|Title||Structure and functioning of the eastern Scotian Shelf ecosystem before and after the collapse of groundfish stocks in the early 1990s|
|Publication Type||Journal Article|
|Year of Publication||2005|
|Journal||Canadian Journal Of Fisheries And Aquatic Sciences|
The fishery-induced collapse of the Atlantic cod (Gadus morhua) stock on the eastern Scotian Shelf has altered the species composition of this ecosystem. Ecopath mass-balance models of the ecosystem before and after the collapse were developed to explore how the structure, function, and key species of the ecosystem had changed. For the first time, an analysis of uncertainty was conducted to examine the effects of the uncertainty on model estimates. A comparison of the two Ecopath models indicated that although total productivity and total biomass of the ecosystem remained similar, there were changes in predator structure, trophic structure, and energy flow, many of which were robust to uncertainty. Biomass has significantly increased at trophic levels 3 and 4, and the composition of these trophic levels has changed as a result of the mean increase in trophic level of many species-groups. Piscivory has increased, presumably because of the high abundance of small pelagic fish, and the ratio of pelagic feeders to demersal feeders has increased from 0.3 to 3.0. Thus, the ecosystem has changed from a demersal-feeder-dominated system to a pelagic-feeder-dominated system. Although uncertainty remains concerning some model estimates, the ecosystem has been profoundly altered and exhibits classic symptoms of "fishing down the food web". However, overall system properties were generally conserved.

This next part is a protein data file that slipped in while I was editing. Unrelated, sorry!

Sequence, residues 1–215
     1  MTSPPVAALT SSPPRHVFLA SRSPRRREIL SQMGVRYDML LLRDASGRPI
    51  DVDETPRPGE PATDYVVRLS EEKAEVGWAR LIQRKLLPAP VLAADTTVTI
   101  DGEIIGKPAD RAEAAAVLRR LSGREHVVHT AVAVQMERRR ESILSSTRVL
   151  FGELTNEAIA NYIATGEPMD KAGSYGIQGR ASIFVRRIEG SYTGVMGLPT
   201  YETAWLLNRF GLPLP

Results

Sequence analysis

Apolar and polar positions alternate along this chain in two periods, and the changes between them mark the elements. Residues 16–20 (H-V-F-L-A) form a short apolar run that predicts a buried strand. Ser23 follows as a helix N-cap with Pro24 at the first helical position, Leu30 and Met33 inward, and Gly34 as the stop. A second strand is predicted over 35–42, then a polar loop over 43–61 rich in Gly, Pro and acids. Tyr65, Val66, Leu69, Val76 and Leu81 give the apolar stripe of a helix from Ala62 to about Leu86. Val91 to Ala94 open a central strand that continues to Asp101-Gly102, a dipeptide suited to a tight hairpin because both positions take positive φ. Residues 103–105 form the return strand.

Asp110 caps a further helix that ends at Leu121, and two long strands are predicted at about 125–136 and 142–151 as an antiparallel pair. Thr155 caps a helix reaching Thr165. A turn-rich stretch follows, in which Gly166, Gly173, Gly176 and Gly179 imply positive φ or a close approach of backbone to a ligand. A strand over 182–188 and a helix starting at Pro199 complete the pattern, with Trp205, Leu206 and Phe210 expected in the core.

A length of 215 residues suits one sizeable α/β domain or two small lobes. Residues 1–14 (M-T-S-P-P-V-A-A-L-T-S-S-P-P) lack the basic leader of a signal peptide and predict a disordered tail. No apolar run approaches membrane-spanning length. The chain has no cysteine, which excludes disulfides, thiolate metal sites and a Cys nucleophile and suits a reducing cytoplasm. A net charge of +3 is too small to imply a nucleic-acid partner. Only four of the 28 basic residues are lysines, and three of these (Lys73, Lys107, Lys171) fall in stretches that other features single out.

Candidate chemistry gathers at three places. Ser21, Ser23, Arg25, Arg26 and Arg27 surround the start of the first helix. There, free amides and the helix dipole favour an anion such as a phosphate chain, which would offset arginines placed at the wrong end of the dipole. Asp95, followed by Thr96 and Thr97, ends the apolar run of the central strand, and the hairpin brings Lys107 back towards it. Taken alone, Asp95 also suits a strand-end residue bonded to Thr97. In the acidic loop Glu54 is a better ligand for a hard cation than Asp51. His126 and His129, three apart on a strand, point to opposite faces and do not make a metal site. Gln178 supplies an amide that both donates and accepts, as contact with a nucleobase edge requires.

|URL||<Go to ISI>://000231599300001|